I've written many times about two main algorithms search engines use primarily for ranking. SEO (define) aficionados are fully aware of Google's PageRank algorithm and Jon Kleinberg's HITS algorithm. To industry newcomers, it's usually all unknown. I like being able to point people to papers and presentations I've used over the years to help marketers get a better feel for what the whole ranking thing is all about.

But there are those (like myself) who are constantly searching for more advanced information and research in the search field.

Recently, I referenced "Web Dragons," a book about information retrieval on the Web. Not a bad book at all. But following that reference, I was sent a courtesy copy of a book that, somehow, I completely missed last year.

"Google's PageRank and Beyond: The Science of Search Engine Rankings" is a fascinating, comprehensive study of search engine ranking mechanisms. And the fact that it's endorsed by Kleinberg himself only adds more authority to it. Written by two mathematics professors, it's not for the faint-hearted. This is very much a science book for researchers. So if the mere mention of graph theory, linear algebra, and computer code has your eyes glazing over, this probably isn't the book for you.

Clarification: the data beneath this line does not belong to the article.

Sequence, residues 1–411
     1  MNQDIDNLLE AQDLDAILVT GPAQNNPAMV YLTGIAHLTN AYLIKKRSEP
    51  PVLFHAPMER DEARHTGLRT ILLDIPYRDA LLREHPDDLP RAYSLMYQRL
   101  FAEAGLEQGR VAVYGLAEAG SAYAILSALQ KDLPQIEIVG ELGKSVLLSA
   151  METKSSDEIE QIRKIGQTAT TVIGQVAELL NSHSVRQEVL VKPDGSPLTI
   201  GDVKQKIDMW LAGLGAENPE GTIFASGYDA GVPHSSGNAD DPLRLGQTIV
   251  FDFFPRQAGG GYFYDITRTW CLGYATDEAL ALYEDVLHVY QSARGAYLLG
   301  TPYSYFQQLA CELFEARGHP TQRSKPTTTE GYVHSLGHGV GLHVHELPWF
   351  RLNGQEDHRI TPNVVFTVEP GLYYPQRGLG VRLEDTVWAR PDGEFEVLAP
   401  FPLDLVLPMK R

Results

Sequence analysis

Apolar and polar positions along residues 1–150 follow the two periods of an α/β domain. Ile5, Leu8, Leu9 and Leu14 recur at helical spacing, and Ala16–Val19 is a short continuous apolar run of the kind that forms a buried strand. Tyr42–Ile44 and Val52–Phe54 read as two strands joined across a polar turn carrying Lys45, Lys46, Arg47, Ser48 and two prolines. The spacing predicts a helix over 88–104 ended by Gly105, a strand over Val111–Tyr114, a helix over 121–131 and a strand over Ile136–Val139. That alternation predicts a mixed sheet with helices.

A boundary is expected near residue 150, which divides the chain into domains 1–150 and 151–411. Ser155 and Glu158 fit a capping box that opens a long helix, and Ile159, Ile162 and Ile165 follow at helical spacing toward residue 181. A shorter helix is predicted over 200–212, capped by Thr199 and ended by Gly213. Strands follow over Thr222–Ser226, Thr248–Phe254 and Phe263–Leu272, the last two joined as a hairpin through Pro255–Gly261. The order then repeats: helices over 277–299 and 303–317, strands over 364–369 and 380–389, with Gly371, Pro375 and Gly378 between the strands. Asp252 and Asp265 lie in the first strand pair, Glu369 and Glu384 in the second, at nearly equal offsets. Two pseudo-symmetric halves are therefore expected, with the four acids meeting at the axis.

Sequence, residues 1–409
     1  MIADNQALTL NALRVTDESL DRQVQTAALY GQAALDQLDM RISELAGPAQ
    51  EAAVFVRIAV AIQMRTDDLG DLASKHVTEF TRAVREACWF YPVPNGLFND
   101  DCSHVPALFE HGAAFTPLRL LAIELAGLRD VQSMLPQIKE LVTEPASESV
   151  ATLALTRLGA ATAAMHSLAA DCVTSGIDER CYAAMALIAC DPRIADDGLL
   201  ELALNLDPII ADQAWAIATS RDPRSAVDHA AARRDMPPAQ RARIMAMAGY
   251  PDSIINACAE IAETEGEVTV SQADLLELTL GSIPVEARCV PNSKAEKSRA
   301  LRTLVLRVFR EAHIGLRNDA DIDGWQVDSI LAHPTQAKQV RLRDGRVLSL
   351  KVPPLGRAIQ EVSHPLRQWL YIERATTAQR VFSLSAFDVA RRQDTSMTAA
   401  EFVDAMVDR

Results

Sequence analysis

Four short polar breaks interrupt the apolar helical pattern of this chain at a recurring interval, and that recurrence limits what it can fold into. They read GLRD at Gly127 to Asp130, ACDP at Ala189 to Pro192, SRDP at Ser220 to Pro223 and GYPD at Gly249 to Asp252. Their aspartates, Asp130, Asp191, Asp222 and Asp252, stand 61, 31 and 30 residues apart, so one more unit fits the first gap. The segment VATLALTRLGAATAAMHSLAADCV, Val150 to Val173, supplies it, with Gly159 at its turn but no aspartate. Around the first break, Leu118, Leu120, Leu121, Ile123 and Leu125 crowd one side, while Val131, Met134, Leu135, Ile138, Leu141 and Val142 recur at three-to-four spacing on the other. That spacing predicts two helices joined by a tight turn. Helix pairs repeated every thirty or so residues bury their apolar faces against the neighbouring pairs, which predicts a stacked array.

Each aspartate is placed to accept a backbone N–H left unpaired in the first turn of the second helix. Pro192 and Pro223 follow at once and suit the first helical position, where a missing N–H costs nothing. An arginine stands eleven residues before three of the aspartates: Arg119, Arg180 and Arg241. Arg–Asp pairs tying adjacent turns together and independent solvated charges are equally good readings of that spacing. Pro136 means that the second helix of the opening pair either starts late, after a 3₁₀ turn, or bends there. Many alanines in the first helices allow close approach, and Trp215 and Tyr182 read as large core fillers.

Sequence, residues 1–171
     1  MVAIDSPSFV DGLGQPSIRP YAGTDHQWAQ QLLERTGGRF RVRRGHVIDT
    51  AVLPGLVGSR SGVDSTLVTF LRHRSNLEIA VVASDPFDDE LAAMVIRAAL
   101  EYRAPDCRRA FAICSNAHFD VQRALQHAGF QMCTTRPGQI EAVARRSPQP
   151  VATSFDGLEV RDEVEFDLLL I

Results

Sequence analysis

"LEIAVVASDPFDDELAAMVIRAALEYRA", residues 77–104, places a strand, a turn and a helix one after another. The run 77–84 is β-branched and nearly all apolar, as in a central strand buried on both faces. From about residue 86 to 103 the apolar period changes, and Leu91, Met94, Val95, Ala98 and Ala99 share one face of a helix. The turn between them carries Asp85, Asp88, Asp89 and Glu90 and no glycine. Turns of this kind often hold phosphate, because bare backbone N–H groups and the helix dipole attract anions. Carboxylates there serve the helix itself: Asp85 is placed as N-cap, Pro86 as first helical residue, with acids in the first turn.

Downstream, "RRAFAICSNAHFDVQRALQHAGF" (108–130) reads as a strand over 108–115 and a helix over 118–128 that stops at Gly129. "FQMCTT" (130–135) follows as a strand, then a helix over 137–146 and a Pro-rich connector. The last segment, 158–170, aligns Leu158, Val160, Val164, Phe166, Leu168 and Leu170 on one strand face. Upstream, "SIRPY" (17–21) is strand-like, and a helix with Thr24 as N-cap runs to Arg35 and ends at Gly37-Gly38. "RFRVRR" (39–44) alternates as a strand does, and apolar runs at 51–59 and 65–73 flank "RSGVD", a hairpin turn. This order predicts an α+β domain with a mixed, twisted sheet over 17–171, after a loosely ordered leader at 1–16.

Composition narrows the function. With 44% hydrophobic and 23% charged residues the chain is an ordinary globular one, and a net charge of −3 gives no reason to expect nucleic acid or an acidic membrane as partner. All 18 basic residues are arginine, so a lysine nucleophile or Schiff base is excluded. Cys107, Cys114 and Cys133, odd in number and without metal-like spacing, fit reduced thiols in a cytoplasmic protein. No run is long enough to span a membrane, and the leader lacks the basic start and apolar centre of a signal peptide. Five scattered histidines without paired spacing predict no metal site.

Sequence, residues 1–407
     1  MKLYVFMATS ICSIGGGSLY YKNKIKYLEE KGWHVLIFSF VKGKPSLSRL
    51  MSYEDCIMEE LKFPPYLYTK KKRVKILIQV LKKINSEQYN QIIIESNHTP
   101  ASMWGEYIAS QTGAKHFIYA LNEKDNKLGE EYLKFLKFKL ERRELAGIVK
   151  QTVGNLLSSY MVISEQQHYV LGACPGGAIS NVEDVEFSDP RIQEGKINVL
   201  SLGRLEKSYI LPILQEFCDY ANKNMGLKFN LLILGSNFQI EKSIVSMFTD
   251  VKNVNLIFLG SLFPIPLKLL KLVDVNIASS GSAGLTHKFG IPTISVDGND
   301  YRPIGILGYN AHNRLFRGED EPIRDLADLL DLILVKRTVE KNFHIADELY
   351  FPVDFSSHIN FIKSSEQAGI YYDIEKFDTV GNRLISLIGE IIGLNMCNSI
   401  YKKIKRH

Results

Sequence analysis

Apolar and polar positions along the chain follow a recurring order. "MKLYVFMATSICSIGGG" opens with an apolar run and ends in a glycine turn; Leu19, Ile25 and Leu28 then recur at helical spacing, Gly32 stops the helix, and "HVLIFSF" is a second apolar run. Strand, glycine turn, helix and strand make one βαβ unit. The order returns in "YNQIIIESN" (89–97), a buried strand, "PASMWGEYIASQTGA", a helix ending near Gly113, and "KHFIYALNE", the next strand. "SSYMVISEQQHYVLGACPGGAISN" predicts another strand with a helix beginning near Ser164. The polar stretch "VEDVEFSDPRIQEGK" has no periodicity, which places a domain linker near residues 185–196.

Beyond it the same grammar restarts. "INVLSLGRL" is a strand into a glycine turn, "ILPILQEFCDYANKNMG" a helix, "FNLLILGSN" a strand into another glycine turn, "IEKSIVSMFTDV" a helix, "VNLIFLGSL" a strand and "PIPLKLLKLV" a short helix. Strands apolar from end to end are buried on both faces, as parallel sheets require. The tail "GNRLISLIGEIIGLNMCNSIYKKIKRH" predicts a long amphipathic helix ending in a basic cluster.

But if you can wade through the math and code, it has hordes of information, theorems, and proofs about ranking, which is invaluable material to professional marketers.

I've come across quite a lot of the literature referenced before. But I was really interested in a section on trends and time-sensitive search. It highlights ranking blogs, which can be some of the most rapidly changing Web pages in a search engine index.

This led me to an algorithm developed by researchers at the HP Information Dynamics Lab. They rank blogs by their so-called epidemic importance. The algorithm is called iRank and is based on hyperlinks. The two main components are text analysis around links and a temporal analysis with all links being weighted by their freshness.